Oct 012012
 

After a relatively short bus ride from Bayeux, the Insight Tour took us to the Normandy beaches, namely Utah, Omaha and Juno.  We also visited the Normandy American Cemetery and Memorial.  An aggressive schedule indeed and certainly one that was too crammed to allow me to fully appreciate and understand the sacrifices made by so many brave men.  Since I am Canadian, the stopover in Juno beach was historically significant.  Pity that we did not stay longer and explore the Juno Beach Centre.

Our first Normandy Beach stop was at Courseulles-sur-Mer, site of the Juno Beach landings, where 2000 brave Canadian soldiers lost their lives.  The assault on Juno is generally considered—alongside Utah—the most strategically successful of the D-Day landings.  I was proud to see the Canadian flag flying alongside flags the other countries involved in the D-Day invasion.

Flags at Juno Beach Memorial. Courseulles-sur-Mer, Basse-Normandie, France

Flags at Juno Beach Memorial. Courseulles-sur-Mer, Basse-Normandie, France

Canadian Sherman Tank at Juno Beach Memorial. Courseulles-sur-Mer, Basse-Normandie, France

Remains of a German Bunker at Juno Beach. Courseulles-sur-Mer, Basse-Normandie, France

Atour next Normandy Beach stop, the tour group visited the Musée du débarquement, near the site of the Mulberry Harbour, a miracle of World War II engineering.  I shortened my visit to the museum and bailed on the group so I could walk the beaches and see the real history.  I’d rather see those beaches firsthand, look at the ruins and try to imagine just what happened on June 6th, 1944.  It’s a feeling you cannot get by looking at static displays behind glass booths in a museum.

Mulberry Harbour during WWII in Arromanches, Basse-Normandie, France.

Remains of the Mulberry Harbour in Arromanches, Basse-Normandie, France. Built by the Allies for the D-Day invasion.

Remains of the Mulberry Harbour in Arromanches, Basse-Normandie, France. Built by the Allies for the D-Day invasion.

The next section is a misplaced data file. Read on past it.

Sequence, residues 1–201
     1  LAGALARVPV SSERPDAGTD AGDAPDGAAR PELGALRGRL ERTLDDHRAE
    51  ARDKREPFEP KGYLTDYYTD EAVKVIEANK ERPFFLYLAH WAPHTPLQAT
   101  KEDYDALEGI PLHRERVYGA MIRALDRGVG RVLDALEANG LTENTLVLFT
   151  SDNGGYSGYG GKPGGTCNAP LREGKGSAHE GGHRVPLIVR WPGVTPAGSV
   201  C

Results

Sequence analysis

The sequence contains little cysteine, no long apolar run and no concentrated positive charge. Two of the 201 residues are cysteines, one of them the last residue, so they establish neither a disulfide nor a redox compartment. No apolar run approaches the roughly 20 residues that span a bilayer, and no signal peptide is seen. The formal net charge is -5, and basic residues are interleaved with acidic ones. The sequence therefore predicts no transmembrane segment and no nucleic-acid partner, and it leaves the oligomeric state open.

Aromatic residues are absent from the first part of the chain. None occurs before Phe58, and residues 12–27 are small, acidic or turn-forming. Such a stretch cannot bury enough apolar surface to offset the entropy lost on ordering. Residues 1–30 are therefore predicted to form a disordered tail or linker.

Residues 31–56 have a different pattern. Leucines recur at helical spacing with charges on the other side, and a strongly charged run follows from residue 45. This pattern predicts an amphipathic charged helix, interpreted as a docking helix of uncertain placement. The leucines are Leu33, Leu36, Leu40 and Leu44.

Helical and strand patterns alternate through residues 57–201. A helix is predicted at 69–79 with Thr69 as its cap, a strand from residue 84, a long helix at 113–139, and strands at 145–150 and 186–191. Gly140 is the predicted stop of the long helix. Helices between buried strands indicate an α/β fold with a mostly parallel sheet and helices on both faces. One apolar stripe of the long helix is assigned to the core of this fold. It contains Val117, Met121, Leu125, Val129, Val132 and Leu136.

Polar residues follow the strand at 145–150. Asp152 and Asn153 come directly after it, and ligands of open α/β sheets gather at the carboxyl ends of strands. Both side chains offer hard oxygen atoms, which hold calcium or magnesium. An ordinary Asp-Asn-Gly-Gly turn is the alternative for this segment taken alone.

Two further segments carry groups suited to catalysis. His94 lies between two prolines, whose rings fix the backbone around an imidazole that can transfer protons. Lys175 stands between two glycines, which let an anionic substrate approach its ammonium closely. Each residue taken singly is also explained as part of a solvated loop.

Our next stopover was at the Normandy American Cemetery and Memorial in Colleville-sur-Mer, near the site of the Omaha beach landings.  This was perhaps one of the most bizarre stops on our tour.  The security at the American Memorial was as stringent as any airport – namely body scanners, metal detectors, x-ray machines and security guards.  It was actually easier to clear customs coming into France or even enter the Louvre Museum than to gain access to this little bit of American territory in France. Fear seems to always grip this once stoic and courageous nation.  They Americans in WWII fought so valiantly for freedom and today, bit by bit, they are sacrificing their liberty on the alter of security.

The site serves as a grave for 9000 American soldiers who lost their lives at Omaha and Utah beaches.  Many of the crosses in the graveyard are marked with the names of the fallen, however, others serve as monuments to unknown soldiers.

“The Spirit of American Youth” bronze statue at the American Cemetery and Memorial

Graveyard for 9000 fallen soldiers at the Normandy American Cemetery and Memorial

Memorial to an unknown American Soldier

We left the Normandy American Cemetery Memorial to visit the actual landing site of  Omaha Beach.  It was astonishing to see just how well the Germans engineered their fortifications.  Around the ruins, there are dozens of deep craters made by bunker busting bombs dropped by Allied planes.  This was some serious ordinance used to destroy the German gun installations.

 

Omaha Beach Marker. Saint-Laurent-sur-Mer, Basse-Normandie, France

Omaha Beach Memorial. Saint-Laurent-sur-Mer, Basse-Normandie, France

 

Allied Bomb Crater at Omaha Beach. Saint-Laurent-sur-Mer, Basse-Normandie, France

Ruins of German Artillery Installation at Omaha Beach. Saint-Laurent-sur-Mer, Basse-Normandie, France

German Fortification at Omaha Beach. Saint-Laurent-sur-Mer, Basse-Normandie, France

You can see all the photos taken on September 5th at the Normandy Beaches in the gallery below.

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